When there’s big money to be made, there are usually people in place to make sure nothing interferes. Senator Orrin G. Hatch, for example, was a sponsor and chief architect of the 1994 law exempting supplements from the FDA’s strict approval process used for prescription drugs. Hatch has accepted hundreds of thousands of dollars in campaign contributions from the supplement industry and repeatedly intervened in Washington against proposed legislation that would put in place more stringent rules regarding supplements. Continue reading

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Chicago Restore and Rust-Oleum Product Defect Attorneys and Lawyers near Wheaton and NapervilleCompanies often invest a lot of money in the products they sell, especially new products that have recently been released. They spend money on advertising and they sometimes train employees in retail stores to conduct demonstrations of their new product.

One company that recently launched a new product and talked it up in Home Depot stores is Rust-Oleum Corp. and their product was Restore. Restore was sold as a liquid armor coating that could be applied to wooden decks or room-swept concrete surfaces. According to a recent class action lawsuit though, Restore did not act as the protective coating it was advertised to be. Instead, the product allegedly peeled off surfaces, leaving them exposed.

The lawsuit was filed by Ulbardo Fernandez, who purchased the product at Home Depot. He alleges that Restore was advertised as being a “smart alternative” to replacing decks and concrete. Fernandez allegedly decided to purchase Restore as a result of the advertisement he saw for it in Home Depot. Continue reading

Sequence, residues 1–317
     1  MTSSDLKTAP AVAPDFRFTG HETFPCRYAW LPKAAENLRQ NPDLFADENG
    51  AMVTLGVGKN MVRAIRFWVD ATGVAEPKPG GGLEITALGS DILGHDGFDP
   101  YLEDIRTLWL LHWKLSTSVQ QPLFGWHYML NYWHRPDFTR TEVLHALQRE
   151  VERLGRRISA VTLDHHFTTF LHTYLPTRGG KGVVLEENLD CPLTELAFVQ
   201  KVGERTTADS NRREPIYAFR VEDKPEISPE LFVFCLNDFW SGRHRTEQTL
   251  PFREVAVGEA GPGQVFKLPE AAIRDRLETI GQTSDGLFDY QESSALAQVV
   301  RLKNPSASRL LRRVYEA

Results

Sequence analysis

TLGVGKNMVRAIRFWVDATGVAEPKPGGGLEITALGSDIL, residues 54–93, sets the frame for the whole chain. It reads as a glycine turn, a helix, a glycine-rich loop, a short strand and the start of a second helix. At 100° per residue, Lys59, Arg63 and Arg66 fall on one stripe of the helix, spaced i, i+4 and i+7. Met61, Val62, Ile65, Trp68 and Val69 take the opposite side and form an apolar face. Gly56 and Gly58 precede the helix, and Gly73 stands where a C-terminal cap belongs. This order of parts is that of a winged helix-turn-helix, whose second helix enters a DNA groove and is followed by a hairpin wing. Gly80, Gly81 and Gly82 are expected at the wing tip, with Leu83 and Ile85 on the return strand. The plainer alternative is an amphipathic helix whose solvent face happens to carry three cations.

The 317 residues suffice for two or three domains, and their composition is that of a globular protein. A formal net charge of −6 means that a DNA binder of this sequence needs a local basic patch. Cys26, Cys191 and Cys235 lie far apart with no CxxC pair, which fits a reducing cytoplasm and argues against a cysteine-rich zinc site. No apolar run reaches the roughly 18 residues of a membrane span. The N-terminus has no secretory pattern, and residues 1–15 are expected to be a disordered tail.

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Chicago's best consumer fraud class action lawyers and attorneysCompanies know the importance of advertising. Many people are attracted by a particular label or claims that a product is associated with a certain time in history or perceived social standing. This is especially true of alcohol where, aside from the taste, many people make their purchasing decisions based on a sense of prestige. Breweries and distilleries often try to given their brand a pretigious image and use that image in their advertising, including the producers of Templeton Rye Whiskey.

According to a recent class action lawsuit against the company, Templeton Rye allegedly violated consumer protection laws by allegedly misleading consumers with stories of the whiskey’s origins. Marketing material released by the company claims that its founders were inspired by the Prohibition-era recipe of Alphonse Kerkhoff, which was handed down through his family on a scrap of paper. The label on the whiskey bottle also bears an old black-and-white photo, which is reminiscent of America in the 1920s when Prohibition was in effect. The label matches the whiskey maker’s claims to a recipe that has been handed down through the generations, and reinforces the belief that the whiskey is made using a recipe that is almost 100 years old. Continue reading

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Top class action attorneys and lawyers near Chicago and NapervilleWhen a consumer feels she has been cheated by someone she bought a product or service from, the amount of her claim is often too small to warrant suing the seller. In that case, the consumer’s best bet is to collect a group of other consumers who have similarly been allegedly cheated and file a class action lawsuit. In order to successfully pursue a class action lawsuit though, a judge must grant the plaintiffs class action status, and in order for the judge to do that, the class of plaintiffs must fulfill certain requirements. These requirements include a class that is sufficiently large to warrant a class action, plaintiffs who can adequately represent the class, and complaints from class members that are sufficiently similar to warrant combining them into one action.